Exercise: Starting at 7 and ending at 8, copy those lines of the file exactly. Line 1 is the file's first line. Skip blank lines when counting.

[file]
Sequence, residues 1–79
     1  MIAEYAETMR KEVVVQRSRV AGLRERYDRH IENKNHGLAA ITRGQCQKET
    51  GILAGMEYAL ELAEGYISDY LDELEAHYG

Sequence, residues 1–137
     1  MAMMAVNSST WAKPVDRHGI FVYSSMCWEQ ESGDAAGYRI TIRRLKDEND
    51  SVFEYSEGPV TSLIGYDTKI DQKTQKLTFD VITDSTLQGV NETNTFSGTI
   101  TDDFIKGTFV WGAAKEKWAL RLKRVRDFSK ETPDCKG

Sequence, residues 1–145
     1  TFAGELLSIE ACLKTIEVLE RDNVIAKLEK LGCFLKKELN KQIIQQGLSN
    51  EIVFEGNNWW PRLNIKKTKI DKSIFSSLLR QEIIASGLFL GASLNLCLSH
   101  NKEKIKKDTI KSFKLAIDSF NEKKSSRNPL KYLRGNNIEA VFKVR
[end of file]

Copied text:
   101  TDDFIKGTFV WGAAKEKWAL RLKRVRDFSK ETPDCKG

Sequence, residues 1–145